Loss from the ISS: USA and Russia consider sending a shuttle to recover the astronauts

Due to the loss of coolant from a Soyuz spacecraft docked with the ISS, NASA and Roscomos are considering sending another vehicle to pick up the astronauts.

Since 15 December there has been aunexplained coolant leak from Soyuz spacecraft docked with the International Space Station (ISS), well documented during a NASA TV live stream. The problem is so significant that the US aerospace agency and Roscomos (the Russian space agency) are considering sending another MS-22 Soyuz shuttle to recover the two Russian cosmonauts and the US astronaut who would have return with the damaged one. At the moment the return of Dmitry Petelin, Sergey Prokopyev and Frank Rubio is still scheduled for March 28 next year; if the Soyuz docked to the ISS was no longer considered safe, the replacement one would be sent in February, effectively reducing the duration of the mission on the ISS.

As for the consequences of the loss, there is still no certainty. Former Roscomos cosmonaut Sergei Krikalev, who currently heads Russia’s human spaceflight program, told state news agency TASS on December 16 that the lawsuit it may have been a micrometeorite that struck the spacecraft’s radiator, which is docked with the Russian Rassvet module of the space station. According to rumors reported by the British news agency BBC, however, the impact of a small space stone would have been excluded from subsequent investigations. What is certain is that around 1:45 UTC (Coordinated Universal Time) on December 15, the alarm sensors relating to the Soyuz cooling circuit were suddenly activated, detecting a significant loss of pressure. The command center immediately activated an inspection with cameras installed on the ISS, detecting the impressive leak, as shown in the following video.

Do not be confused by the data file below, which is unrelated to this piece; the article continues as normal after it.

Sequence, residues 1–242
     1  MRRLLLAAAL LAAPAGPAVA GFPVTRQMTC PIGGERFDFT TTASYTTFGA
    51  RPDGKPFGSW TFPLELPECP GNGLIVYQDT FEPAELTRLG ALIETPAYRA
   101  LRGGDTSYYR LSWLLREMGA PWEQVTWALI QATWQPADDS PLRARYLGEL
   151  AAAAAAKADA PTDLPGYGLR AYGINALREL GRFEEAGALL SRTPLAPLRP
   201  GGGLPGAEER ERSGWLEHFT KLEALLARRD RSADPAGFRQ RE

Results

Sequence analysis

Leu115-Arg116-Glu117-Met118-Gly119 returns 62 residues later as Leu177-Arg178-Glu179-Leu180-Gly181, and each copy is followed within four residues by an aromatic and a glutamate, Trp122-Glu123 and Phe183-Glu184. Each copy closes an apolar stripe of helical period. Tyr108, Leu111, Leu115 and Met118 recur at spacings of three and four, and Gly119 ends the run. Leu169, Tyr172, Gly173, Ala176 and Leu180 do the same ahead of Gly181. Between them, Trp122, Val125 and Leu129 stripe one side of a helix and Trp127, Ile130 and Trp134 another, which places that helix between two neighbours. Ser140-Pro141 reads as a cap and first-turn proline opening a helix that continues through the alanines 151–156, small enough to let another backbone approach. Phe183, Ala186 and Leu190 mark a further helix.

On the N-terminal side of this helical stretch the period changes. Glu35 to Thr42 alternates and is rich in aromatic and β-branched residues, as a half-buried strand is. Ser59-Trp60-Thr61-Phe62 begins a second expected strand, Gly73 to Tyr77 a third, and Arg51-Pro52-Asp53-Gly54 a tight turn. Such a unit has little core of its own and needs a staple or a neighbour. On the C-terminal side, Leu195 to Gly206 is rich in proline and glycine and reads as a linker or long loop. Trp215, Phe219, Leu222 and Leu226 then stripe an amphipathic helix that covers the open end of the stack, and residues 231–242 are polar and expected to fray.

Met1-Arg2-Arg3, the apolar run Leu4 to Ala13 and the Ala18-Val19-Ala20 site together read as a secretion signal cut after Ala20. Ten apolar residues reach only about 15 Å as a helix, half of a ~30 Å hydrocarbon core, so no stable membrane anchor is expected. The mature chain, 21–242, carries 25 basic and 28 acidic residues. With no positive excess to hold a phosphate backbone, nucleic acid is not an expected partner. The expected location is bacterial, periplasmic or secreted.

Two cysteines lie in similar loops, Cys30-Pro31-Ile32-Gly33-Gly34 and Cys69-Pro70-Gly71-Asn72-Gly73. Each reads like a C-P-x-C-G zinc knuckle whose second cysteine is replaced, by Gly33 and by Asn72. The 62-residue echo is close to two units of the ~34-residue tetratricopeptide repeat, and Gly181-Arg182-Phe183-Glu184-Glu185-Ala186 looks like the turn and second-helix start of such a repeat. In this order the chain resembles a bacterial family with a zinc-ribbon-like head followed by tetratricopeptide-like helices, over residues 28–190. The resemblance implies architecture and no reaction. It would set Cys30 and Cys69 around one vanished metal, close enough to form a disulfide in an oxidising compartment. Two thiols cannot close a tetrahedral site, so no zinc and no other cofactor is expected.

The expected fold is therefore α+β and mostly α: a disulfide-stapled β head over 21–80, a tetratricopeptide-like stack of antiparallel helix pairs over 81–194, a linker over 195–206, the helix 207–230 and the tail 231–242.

The accident has already had a significant impact on the mission, having forced the two Russian cosmonauts Sergey Prokopyev and Dmitri Petelin to cancel a long-planned EVA (acronym for Extra vehicular activity, commonly known as “spacewalk”). However, the loss did not force us to postpone the spacewalk of the two NASA astronauts Josh Cassada and Frank Rubio, regularly held on December 22nd. At the moment both Roscomos and NASA underline that no crew member is in danger, but if the Soyuz shuttle is not considered safe, in case of an emergency on board the ISS there could be serious problems for the astronauts to escape. To date it has never been necessary to evacuate the space station, even if due to some debris in the past the astronauts have transferred in advance to the shuttles, ready to undock and leave in the event of an impact.

Eventually the space agencies could decide to send the astronauts back with a spacecraft deprived of most of its coolant, essential for maintaining the temperature in equilibrium, but at the moment it is an unlikely hypothesis. Further investigations will be conducted to understand the origin of the problem.

Loss from the ISS: USA and Russia consider sending a shuttle to recover the astronauts